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Taming the Mind, Part IV

How Does Your Weight Serve You?

This is the next step in our “Taming the Mind” blog series. If you are ready to make a significant change in your lifestyle pertaining to health, you are going to undergo more than the positive effects of that transition. You will need to learn new skills for living, and will have to leave behind some well-worn beliefs about who you are, to which you may be more attached than you think.

If you are overweight, that may be part of your identity. Your size might be part of your emotional armor – you are bigger and tougher (or funnier!) than other people. Abandoning that persona to discover who you are on the inside when you are not using your outside to protect yourself is a vulnerable and delicate process.

Think about it – before you get defensive. How does your weight serve you?

Positive change can be just as overwhelming as negative change.

This is called eustress. As you begin the process of transformation, you need to be prepared to handle a powerful transition. You may feel that your identity is changing or that people treat you differently, and it’s not always positive.

But reassure yourself now – everything is completely fine. You are OK. The act of anticipating change is enough to handle it. Prepare to feel some feelings and to face who you are as a person, as your outer identity and priorities change.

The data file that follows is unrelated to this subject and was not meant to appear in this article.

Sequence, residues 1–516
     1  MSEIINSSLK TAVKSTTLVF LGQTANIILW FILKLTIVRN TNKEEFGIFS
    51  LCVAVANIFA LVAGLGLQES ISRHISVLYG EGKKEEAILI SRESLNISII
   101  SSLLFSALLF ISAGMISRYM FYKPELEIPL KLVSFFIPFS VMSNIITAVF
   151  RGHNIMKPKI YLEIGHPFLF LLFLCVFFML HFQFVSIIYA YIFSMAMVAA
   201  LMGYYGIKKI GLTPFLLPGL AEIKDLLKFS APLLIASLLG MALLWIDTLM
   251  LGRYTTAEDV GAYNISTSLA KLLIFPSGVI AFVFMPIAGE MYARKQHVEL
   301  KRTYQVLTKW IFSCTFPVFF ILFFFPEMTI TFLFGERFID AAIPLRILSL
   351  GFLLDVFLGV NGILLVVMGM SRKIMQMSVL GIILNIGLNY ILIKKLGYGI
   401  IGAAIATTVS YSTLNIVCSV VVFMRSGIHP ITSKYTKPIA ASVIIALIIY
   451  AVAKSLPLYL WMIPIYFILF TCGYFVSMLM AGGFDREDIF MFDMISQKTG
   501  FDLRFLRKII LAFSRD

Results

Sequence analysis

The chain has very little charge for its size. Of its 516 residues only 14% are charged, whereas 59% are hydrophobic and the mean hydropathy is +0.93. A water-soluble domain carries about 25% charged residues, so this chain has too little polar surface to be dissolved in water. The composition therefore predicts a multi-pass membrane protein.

The bottom line is that you get something out of whatever your current weight or level of health is. You wouldn’t make the lifestyle choices that you do unless you get some kind of payoff from them.

Think about it again. Don’t get defensive. How does your weight serve you?

This is perhaps the easiest part of the process to be in denial about. You may want to put down this book in indignation, and say, “How dare you? I have tried to lose weight so many times. There is nothing that I want more than to be healthy and happy!” You would be justified in your anger, because I’m sure that on a conscious level, you want nothing more than to change your life. But can you admit to yourself that you get something out of being overweight or underweight?

You would not be unhealthy/overweight/underweight (or replace those terms with a word that works for you), unless there is some aspect of it that serves you on an important, fundamental level. You are reaping positive benefits in your life because of your current level of health or fitness.

This is not so that you can be negative and beat yourself up. This is so that you can exercise some self-compassion for your behavior – you are not being self-destructive.

You are feeding some part of yourself that needs love!

The key is to know how to love yourself without self-harming food behaviors.

Again, I will use the example of when I was binge-eating during my first year of full-time work. I had a long, excruciating commute and my job was stressful. Yet I was shocked that I was eating fast food out of control. I was ashamed.

However, years later, I look back on that experience and understand how difficult it would have been to sustain healthy food behaviors under that level of stress. I have more self-compassion for my past self, and therefore my current self.

My overeating served me because it relieved stress. If I had not quit my job and relocated, I would have had to take a look at the unreasonable quality of my working lifestyle, and that would have been an uncomfortable process.

Believe me, your overeating or compulsive behaviors are serving you somehow. What are they distracting you from? What persona do they help you create?

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